When I tested quarry tiles for baking pizza, I used 6 tiles in a 2x3 grid. But I have 12 tiles, so I decided to see if there was any benefit to stacking the tiles on top of each other.
The theory is that a thicker stone holds heat better, which is why many bakers seek out the thickest baking stones they can find. I was pretty happy with the way the pizza baked on my single layer of quarry tiles, but wondered if a double layer would be better.
I preheated the oven for an hour as I had before for the other tests. At the 45-minute mark, the tiles were at 525 degrees and at one hour, it was at 549 degrees, which is slightly lower than they were when I tested the single layer at the same interval.
After exactly 8 minutes of baking, the pizza was done, with a nicely browned underside. The top was just slightly less baked than the previous pizza. Not enough say it wasn't done enough, but the difference was enough to be noticeable. I wasn't sure what to attribute that to, and I also wondered why the stone wasn't any hotter than 549 degrees after an hour in the oven.
It took me just a little while to figure out the answer to both of those questions.
The difference wasn't the thickness of the double layer—it was the oven going through its heat cycles. You see, ovens don't actually hold a steady temperature. They heat up and and cool down, over and over, cycling by as much as 50 degrees from the high point to the low point. Since I was timing my baking precisely, I assumed that my oven would be at the same point in its cycle at the same time for each pizza, but I didn't account for the fact that heating a different mass of tiles would cause the oven to heat at a different rate.
Not only does the air temperature fluctuate inside the oven as it cycles on an off, but you're also dealing with convection currents. When the heating element is on, the air is moving more than when the heating element is off. A pizza in an oven that's at 500° with the heating element at full blast can actually brown faster than a pizza in an oven that's at 550° with the heating element off, since the air is much stiller in the latter case. These convection currents are also what helps things bake more quickly in a convection oven than in a traditional one.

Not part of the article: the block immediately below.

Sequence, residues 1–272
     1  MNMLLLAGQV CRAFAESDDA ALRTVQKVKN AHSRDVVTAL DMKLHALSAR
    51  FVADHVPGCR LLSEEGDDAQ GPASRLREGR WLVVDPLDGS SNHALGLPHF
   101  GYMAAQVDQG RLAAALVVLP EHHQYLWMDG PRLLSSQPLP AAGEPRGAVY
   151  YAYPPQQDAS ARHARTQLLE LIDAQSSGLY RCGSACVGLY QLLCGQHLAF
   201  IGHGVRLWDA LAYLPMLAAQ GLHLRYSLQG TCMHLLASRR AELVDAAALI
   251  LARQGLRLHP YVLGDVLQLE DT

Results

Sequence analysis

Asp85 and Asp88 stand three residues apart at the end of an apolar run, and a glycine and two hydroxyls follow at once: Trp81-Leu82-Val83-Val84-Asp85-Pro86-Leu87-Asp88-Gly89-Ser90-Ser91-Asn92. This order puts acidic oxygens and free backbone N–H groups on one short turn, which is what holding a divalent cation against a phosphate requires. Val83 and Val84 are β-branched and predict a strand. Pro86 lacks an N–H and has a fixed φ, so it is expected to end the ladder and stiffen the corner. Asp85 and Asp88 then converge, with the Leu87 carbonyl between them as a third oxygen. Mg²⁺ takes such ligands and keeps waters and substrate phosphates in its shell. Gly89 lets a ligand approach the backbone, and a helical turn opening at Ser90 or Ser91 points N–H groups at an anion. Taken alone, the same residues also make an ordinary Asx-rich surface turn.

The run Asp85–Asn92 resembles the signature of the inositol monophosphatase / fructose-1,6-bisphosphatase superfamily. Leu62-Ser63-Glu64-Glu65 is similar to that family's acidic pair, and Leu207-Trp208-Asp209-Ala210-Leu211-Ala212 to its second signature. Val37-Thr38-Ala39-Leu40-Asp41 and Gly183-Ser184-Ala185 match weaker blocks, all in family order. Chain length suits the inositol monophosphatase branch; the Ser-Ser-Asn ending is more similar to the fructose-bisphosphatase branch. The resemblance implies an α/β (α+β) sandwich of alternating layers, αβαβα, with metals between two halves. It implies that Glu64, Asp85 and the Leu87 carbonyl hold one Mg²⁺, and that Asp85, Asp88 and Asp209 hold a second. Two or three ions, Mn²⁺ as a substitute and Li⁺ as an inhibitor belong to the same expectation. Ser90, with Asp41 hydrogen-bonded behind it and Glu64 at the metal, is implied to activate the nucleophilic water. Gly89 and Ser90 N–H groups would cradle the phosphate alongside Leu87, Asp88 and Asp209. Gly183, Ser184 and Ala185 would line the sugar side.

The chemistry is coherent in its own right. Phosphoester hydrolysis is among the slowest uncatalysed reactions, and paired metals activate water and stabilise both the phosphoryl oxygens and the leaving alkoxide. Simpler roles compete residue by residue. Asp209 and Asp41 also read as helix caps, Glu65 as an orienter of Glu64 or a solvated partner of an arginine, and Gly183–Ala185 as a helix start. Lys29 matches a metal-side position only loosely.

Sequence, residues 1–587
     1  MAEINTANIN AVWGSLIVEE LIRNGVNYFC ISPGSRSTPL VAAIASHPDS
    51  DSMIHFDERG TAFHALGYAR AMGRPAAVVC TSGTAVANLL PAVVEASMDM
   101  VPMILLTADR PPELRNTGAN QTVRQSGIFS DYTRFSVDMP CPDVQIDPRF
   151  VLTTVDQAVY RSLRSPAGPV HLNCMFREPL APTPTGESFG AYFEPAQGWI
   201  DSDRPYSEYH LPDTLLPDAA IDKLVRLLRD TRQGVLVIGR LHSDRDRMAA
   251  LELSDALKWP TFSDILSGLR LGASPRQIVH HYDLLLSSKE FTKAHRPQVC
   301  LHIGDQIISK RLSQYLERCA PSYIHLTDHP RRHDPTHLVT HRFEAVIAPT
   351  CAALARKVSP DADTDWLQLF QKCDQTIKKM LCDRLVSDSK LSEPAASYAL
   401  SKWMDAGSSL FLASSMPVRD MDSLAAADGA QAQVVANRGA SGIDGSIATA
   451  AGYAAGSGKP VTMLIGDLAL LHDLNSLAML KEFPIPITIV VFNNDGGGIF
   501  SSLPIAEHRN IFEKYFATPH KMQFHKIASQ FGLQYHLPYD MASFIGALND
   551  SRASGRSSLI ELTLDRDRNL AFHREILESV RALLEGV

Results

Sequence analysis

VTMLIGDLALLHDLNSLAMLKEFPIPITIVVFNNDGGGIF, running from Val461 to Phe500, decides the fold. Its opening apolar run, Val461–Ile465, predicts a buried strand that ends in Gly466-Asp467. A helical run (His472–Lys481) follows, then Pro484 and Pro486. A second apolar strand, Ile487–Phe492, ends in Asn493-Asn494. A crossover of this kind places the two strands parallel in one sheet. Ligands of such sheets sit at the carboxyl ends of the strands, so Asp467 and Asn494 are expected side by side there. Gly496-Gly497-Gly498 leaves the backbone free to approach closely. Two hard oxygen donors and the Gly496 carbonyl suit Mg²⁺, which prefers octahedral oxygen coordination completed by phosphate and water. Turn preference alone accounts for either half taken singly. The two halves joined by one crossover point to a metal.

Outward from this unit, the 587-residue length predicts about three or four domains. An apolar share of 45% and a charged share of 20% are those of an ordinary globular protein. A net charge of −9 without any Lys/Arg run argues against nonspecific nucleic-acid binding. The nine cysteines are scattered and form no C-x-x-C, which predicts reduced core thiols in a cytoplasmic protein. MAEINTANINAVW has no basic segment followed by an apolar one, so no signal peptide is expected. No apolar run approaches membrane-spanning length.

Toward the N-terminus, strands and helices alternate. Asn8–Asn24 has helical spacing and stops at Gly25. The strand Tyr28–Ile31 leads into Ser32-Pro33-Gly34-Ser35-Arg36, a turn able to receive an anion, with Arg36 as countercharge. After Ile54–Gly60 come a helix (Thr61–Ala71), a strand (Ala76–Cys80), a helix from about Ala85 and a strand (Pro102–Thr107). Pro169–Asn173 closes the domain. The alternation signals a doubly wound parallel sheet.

When you're cooking something for a long time, the oven's temperature fluctuations don't make as much of a difference, since it balances out over the long cooking time. But when you're cooking something for just 8 minutes, those temperature fluctuations and convection currents make more of a difference.
Given that it's just the top of the pizza that cooked differently and not the base, it's pretty safe to assume that it's due mostly, if not completely to oven cycles. The quarry tiles—or baking stones—in the oven somewhat mitigate the effects of the oven cycles on the bottom of your pizza, since the stones hold heat which is then transferred directly to the dough.
In the end, there was very little difference between the pizzas baked on the single or double layers of quarry tiles, and the little difference could easily be attributed to the oven rather than the tiles. Since the bottom crusts were nearly identical, I'd call this a tie.
Since the results were so close, I don't see any benefit in stacking the tiles—the effort of arranging 12 tiles instead of six just isn't worth it.
To mitigate my annoyance with stacking tiles, I bought a 3/4 sheet pan to hold them. That worked to allow me to take them out all at once, but they still shifted around enough so that if I was placing the tile-filled pan in the oven, I needed to adjust the tiles once the pan was in place.
The benefit to using the pan was that it caught drips and spills that fell between the tiles. But the real downside was the ghastly scraping noise it made whenever I put the pan in or took it out. If I ever go back to using quarry tiles, I'll opt to use six tiles and arrange them directly on the rack.
But how will these tiles fare compared to stones products that are actually made with pizza in mind? Don't worry, we're getting there.